The Southwestern Historical Quarterly, Volume 90, July 1986 - April, 1987

Notes and Documents
A Short History of the General Land Office Seals
JES(JS F. DE LA TEJA*
THE FOUNDERS OF THE TEXAS REPUBLIC, FACED WITH THE ORGANIZA-
tion of a national land system, quickly decided to establish a gen-
eral land office capable of managing the distribution of a public do-
main estimated to contain more than 2oo million acres. One of the
most important functions assigned to the commissioner of the General
Land Office was cosigning patents with the president and later with the
governor of Texas. Both the Republic and Land Office seals were to be
affixed to the patents for authentication.' Yet acquisition and use of a
seal by the Land Office did not prove as easy as legislators envisioned.
Financial problems, inexperience, and a Mexican invasion all affected
the early development of the Land Office seal, contributing to inter-
ruptions in the early issuance of patents.
John P. Borden's appointment as commissioner in June, 1837, came
six months after the original act creating the Land Office and only a
few days after new legislation requiring the agency to be operating on
October 1, 1837. Although Borden set about organizing the office as
circumstances would permit and began acquiring the various local land
archives, it was apparent by the end of September that the agency was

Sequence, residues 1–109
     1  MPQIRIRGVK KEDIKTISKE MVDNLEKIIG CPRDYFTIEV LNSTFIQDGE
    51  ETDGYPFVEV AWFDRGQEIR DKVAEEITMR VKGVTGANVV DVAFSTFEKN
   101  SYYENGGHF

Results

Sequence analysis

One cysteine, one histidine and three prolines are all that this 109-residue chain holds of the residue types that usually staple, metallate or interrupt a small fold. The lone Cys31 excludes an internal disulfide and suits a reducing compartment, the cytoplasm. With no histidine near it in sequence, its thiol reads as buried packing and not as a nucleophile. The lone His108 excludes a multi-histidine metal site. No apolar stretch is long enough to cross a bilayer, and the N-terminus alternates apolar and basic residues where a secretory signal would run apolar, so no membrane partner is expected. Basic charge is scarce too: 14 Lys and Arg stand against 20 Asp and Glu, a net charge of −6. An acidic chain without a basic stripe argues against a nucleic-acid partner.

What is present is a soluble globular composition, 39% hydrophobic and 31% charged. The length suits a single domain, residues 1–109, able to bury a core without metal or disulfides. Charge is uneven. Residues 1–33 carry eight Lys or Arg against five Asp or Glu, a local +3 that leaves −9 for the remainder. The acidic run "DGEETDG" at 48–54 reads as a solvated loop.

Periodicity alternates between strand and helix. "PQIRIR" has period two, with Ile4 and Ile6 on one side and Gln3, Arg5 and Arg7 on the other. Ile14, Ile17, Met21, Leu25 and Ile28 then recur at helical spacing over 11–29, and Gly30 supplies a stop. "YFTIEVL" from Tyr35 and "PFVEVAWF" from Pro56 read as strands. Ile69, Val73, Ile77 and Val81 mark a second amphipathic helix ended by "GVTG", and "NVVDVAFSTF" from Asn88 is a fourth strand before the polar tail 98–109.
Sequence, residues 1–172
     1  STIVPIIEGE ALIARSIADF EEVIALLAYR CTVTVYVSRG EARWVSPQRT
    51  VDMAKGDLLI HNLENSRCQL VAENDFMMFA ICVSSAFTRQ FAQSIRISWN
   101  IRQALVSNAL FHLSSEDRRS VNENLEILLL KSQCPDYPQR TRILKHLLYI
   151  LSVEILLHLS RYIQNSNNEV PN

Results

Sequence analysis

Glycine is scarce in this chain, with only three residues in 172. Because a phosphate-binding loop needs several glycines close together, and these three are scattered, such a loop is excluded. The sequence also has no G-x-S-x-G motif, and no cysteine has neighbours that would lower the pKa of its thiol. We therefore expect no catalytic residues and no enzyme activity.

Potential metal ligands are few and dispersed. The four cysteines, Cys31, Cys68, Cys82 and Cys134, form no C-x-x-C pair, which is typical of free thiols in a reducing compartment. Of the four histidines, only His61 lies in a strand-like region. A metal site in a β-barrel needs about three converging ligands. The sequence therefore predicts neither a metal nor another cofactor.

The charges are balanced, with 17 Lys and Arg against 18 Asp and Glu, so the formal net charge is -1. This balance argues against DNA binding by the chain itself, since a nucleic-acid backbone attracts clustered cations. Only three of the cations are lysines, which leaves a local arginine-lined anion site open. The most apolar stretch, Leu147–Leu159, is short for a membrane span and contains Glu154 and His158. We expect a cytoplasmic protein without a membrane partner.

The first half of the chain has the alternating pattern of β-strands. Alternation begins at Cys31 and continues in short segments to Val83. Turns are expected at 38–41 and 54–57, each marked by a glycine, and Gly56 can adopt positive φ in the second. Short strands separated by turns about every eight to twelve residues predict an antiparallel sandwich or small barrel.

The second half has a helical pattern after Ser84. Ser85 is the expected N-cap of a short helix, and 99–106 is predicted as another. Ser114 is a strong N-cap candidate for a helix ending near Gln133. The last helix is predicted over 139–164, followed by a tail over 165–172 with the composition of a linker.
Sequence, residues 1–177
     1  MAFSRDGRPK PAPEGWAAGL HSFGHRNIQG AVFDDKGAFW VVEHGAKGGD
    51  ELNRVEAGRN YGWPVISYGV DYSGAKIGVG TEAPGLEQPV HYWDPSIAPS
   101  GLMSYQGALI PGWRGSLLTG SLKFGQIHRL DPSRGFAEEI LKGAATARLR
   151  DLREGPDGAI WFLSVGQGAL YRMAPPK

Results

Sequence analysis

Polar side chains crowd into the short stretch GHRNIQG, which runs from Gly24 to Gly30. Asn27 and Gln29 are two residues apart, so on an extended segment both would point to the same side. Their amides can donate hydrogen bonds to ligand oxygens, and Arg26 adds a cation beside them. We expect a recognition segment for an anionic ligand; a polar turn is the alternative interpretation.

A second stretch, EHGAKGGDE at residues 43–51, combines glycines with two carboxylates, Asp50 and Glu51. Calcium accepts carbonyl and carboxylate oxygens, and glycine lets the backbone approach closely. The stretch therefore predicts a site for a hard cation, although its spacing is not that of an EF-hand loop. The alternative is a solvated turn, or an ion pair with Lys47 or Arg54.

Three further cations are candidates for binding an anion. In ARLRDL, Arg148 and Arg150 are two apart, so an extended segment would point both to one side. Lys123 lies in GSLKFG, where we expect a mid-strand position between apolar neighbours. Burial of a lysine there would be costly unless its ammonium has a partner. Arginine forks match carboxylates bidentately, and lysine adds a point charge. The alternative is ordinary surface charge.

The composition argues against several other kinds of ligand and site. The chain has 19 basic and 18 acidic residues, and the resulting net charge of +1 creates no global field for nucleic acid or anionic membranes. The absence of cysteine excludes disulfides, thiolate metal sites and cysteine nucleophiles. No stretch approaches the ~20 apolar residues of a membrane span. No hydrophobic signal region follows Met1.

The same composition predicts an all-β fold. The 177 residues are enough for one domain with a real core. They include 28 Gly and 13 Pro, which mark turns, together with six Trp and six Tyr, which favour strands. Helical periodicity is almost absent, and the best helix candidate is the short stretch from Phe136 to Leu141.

not ready to open. There were still archives uncollected, the prepara-
tion of connected plat maps of the counties had not begun, and the sta-
*Jes6s F. de la Teja is assistant archivist at the Texas General Land Office, where he is working
on the rearrangement and indexing of the Spanish Collection. He is also working on a disserta-
tion on social structure and land tenure in eighteenth-century San Antonio at the University of
Texas at Austin. His recent publications include "Bexar: Profile of a Tejano Community,
1820-1832," coauthored with John Wheat (July 1985 Quarterly) and a translation of Josefina
Zoraida Vzquez's article, "The Texas Question in Mexican Politics, 1836-1845" (January 1986
Quarterly).
'John P. Borden to Richard G. Dunlap, Feb. 19, 1839, Letters Sent, vol. 2 (Archives and
Records Division, Texas General Land Office [hereafter cited as GLO]); "An act to establish a
general land office for the Republic of Texas," Dec. 22, 1836, sec. 4, H. P. N. Gammel (comp.),
The Laws of Texas, 1822-1897 ... (10o vols.; Austin, 1898), I, 1,276.

Texas State Historical Association. The Southwestern Historical Quarterly, Volume 90, July 1986 - April, 1987. Austin, Texas. The Portal to Texas History. http://texashistory.unt.edu/ark:/67531/metapth117152/. Accessed August 27, 2014.